Shumard oak

Quercus shumardii
Family: Fagaceae

Natural Historyshumard oak
Leaves and acorns of Shumard oak
Photo credit: Larry Korhnak, University of Florida

The Shumard oak is one of the largest species in the southern red oak group. It can typically reaches 90-125 feet in height and  4-5 feet in diameter.  Its long bole supports a broad, open crown.  The root system is extensive and moderately shallow.   It is named for a state geologist of Texas, Benjamin Franklin Shumard (1820-69).

Habitat & Range

Shumard oaks prefer deep, moist, rich soils and are generally found bordering streams or swampy areas.
It usually occurs as an occasional tree in mixed hardwood forests.  Its range stretches from the mid-Atlantic coastal plain south to northern Florida and west to central Oklahoma and Texas and is occasionally found as far north as southern Michigan or Pennsylvania.

Wildlife Use

The fruit is an important component of the diets of numerous species of songbirds, wild turkeys, waterfowl, white-tailed deer, and various species of squirrels . White-tailed deer utilize the twigs and leaves for winter browse as well.

Human Use

The shumard oak is a fast-growing tree used widely for commercial lumber, interior trim, cabinetry and furniture.  The lumber of this wood is often mixed indiscriminately with that of other oaks, thereby losing its identity in trade.  It is also an excellent shade tree because of its broad, rounded canopy.


 

Identifying Characteristics

Size/Form: Shumard oak is a large tree that often grows to heights of 80' to 125'. It has a slightly buttressed trunk and broad, open crown.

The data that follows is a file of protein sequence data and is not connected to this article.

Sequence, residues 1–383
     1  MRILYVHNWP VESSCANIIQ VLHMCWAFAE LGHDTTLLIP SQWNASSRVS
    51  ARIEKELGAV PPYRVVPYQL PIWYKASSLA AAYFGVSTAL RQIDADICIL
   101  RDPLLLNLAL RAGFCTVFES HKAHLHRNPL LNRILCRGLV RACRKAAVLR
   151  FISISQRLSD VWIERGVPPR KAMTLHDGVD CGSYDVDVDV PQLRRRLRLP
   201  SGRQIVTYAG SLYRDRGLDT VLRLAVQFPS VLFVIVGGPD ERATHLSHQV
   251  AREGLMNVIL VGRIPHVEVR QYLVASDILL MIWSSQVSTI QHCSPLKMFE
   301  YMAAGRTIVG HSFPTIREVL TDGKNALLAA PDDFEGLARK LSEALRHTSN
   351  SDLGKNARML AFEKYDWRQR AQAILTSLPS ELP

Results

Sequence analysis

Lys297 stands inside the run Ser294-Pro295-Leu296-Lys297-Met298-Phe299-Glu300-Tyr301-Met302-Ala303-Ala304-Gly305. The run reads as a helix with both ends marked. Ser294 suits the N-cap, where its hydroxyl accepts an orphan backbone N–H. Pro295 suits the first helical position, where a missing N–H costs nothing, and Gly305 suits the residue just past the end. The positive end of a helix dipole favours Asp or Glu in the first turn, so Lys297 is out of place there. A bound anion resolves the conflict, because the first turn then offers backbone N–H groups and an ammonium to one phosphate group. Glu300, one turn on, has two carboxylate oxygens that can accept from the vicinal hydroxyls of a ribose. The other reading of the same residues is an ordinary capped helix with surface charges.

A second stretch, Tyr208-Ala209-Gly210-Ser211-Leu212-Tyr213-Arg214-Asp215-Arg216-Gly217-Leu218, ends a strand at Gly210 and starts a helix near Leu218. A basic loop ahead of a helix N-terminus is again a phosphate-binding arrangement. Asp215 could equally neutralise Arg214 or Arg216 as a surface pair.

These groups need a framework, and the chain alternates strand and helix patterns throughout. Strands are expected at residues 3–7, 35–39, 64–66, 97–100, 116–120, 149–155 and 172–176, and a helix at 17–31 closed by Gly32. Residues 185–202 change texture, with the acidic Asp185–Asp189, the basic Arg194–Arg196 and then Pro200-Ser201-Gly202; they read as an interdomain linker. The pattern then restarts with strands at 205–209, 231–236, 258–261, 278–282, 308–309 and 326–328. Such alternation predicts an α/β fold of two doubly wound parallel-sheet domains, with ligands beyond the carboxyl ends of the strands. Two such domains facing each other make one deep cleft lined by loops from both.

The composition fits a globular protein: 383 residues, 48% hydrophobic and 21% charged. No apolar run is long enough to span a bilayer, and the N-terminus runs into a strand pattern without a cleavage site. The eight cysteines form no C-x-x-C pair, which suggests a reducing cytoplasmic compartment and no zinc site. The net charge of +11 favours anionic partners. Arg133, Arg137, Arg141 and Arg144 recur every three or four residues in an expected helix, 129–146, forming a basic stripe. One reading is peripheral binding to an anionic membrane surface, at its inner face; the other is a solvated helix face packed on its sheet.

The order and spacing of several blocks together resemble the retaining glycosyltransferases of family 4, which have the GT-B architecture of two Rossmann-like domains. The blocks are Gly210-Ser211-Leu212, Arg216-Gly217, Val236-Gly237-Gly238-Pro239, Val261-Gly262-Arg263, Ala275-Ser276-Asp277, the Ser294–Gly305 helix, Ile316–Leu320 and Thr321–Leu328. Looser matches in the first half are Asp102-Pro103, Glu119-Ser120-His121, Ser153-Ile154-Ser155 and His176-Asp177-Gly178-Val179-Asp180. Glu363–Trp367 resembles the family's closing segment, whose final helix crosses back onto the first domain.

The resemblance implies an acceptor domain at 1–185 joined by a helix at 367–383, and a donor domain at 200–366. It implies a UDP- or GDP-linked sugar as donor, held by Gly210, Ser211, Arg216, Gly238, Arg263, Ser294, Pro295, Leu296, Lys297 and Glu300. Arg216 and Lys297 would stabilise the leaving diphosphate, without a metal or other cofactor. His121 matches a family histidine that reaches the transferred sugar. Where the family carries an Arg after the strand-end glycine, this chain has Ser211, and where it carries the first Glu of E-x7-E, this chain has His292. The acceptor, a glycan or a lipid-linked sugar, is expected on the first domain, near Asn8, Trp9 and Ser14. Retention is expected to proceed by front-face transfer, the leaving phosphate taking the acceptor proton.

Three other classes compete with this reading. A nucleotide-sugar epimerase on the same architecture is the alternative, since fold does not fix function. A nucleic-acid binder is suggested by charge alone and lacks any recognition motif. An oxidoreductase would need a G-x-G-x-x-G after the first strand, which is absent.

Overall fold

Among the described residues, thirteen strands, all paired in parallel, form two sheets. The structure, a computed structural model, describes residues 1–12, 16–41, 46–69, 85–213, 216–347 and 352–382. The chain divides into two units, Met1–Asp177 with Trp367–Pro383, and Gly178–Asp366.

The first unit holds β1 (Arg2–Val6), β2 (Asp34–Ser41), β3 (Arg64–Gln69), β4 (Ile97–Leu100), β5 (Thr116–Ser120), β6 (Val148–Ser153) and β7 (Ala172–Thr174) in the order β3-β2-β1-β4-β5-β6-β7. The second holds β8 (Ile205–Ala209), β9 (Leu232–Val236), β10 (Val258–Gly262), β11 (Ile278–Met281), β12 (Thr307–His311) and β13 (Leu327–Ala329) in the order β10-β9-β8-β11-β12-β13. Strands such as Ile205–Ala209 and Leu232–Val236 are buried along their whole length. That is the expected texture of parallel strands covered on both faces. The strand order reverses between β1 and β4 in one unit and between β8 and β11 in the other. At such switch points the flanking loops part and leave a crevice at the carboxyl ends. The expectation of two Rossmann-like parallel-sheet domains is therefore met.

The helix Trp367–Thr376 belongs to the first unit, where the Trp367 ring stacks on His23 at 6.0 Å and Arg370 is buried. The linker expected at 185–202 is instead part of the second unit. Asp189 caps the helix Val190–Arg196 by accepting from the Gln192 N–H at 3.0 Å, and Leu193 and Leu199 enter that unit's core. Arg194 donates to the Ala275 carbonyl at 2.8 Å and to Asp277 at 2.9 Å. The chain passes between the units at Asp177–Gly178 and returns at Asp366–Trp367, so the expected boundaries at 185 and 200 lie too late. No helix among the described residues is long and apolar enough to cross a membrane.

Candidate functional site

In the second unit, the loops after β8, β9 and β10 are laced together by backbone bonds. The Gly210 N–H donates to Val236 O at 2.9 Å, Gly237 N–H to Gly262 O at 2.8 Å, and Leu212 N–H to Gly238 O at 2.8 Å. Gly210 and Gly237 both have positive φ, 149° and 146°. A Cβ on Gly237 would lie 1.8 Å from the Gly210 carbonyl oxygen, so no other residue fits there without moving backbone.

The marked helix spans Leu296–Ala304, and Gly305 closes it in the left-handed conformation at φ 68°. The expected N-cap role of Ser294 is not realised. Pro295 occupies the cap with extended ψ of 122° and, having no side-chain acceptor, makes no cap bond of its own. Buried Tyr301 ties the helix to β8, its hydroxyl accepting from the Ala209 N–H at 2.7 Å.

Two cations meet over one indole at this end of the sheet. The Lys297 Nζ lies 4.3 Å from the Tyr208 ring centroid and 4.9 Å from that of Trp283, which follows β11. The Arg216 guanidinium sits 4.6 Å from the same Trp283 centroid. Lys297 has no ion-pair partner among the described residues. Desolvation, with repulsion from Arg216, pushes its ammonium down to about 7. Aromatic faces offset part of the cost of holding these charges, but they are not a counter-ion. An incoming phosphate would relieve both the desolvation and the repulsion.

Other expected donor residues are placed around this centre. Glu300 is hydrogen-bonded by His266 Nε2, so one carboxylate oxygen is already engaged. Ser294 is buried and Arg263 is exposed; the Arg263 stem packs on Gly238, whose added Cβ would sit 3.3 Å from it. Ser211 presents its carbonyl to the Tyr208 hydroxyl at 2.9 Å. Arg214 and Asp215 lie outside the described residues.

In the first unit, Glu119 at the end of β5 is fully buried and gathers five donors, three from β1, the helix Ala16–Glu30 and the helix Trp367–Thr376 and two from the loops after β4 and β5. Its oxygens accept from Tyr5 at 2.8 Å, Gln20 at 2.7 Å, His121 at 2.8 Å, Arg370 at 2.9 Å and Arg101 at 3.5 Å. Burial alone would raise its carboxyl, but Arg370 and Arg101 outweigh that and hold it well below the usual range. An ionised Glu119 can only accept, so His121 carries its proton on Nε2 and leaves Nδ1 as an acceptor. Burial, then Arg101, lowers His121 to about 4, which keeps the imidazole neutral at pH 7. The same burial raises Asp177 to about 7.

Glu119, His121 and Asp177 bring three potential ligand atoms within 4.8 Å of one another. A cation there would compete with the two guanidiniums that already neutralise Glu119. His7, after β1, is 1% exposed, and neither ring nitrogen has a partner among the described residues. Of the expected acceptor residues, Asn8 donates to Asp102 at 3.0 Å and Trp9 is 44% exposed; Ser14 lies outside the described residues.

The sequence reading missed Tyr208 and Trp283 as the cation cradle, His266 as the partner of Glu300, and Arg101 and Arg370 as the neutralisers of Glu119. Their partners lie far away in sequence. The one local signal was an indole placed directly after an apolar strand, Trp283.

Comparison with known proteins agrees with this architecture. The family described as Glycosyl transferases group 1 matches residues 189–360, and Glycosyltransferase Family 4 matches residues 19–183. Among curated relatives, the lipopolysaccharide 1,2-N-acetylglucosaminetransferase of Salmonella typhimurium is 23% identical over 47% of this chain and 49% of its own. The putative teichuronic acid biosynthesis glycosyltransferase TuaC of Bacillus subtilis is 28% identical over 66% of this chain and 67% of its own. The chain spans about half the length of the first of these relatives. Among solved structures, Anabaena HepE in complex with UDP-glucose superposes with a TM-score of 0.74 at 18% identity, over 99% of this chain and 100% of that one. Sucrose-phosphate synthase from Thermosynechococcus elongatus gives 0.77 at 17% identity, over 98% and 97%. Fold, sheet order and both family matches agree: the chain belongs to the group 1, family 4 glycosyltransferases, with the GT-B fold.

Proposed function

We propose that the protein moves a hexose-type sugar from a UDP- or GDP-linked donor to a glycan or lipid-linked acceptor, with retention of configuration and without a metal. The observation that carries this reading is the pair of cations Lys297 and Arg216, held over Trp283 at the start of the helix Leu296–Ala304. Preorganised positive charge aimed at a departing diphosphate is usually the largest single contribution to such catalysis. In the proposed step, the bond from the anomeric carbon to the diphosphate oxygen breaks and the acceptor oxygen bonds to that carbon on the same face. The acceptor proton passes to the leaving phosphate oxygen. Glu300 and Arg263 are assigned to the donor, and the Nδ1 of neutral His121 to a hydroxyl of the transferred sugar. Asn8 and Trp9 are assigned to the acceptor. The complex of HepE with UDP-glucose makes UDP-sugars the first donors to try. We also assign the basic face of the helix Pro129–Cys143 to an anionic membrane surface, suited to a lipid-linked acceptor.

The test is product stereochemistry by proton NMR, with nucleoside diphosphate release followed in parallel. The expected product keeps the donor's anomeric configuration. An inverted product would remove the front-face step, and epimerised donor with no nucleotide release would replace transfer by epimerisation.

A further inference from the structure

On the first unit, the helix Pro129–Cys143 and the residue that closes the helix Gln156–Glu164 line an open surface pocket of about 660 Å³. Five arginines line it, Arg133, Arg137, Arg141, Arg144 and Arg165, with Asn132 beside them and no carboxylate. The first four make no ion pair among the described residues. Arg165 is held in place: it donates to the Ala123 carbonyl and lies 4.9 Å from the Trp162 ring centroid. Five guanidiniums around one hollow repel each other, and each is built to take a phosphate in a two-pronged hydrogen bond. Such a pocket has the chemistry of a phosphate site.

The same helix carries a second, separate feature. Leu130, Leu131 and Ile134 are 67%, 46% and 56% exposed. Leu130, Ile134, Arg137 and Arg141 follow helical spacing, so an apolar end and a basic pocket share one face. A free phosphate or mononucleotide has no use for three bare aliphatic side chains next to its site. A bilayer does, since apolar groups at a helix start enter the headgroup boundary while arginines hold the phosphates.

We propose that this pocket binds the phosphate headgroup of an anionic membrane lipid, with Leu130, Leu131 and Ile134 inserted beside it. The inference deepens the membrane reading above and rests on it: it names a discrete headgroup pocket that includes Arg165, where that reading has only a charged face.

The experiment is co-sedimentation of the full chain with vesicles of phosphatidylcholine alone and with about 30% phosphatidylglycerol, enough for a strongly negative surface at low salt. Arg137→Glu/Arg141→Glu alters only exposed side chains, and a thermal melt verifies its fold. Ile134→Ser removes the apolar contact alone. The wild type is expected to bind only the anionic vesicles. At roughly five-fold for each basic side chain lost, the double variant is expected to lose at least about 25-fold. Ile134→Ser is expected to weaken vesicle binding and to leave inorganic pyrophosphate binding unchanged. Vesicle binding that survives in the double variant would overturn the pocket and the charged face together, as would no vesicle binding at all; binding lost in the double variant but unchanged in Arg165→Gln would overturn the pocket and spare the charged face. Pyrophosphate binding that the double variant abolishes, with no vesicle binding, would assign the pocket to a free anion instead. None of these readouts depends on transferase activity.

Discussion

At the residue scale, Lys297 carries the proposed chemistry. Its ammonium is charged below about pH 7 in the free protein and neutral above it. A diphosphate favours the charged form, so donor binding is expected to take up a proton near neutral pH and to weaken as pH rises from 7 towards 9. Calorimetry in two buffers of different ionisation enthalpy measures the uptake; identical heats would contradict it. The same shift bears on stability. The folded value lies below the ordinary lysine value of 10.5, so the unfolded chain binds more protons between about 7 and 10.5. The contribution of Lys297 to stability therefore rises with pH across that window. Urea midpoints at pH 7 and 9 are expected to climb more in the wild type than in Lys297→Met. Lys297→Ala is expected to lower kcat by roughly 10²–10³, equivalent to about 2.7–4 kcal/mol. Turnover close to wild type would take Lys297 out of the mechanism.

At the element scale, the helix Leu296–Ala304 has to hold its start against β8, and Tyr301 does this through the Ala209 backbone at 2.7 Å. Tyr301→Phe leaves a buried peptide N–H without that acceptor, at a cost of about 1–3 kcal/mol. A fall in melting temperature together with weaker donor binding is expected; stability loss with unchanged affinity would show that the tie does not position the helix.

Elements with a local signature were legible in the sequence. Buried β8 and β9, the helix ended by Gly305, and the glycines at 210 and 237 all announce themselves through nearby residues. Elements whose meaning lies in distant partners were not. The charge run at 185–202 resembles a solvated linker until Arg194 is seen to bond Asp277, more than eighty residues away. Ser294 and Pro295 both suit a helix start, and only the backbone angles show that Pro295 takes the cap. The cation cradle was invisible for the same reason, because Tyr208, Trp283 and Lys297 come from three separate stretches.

Leaves: Leaves are simple, alternate, and deciduous. Leaves are 6 to 8 inches long, 4 to 5 inches wide, overall oval-shaped, with an acute apex. Leaf bases are wedge-shaped or flattened. Each leaf has from 5 to 7 rounded lobes with bristle-like tips. Leaves are dark green and smooth on the upper surface and are of paler color underneath, with scattered deposits of brownish, waxy hairs. Leaf petioles are slender, glabrous, and about 2 inches long.
Twigs: The twigs are moderately stout, glabrous, and gray-brown. The pith is star-shaped and homogeneous.
Bark: The lower bark is thick, dark and deeply furrowed, with lighter colored, scaly ridges. Bark nearer to the top of the tree is smoother in texture.
Flowers: The unisexual, monoecious are not very showy.
Fruit: The fruit is an acorn about 1" long, with striping along the sides. It is partially covered by a slightly hairy, saucer-shaped cup. They occur alone in pairs and are oblong to ovoid-shaped
Similar Trees on the Florida 4-H Forest Ecology Contest List:
There are three other trees on our list that have simple, alternate, pinnately-lobed leaves.

 

Images

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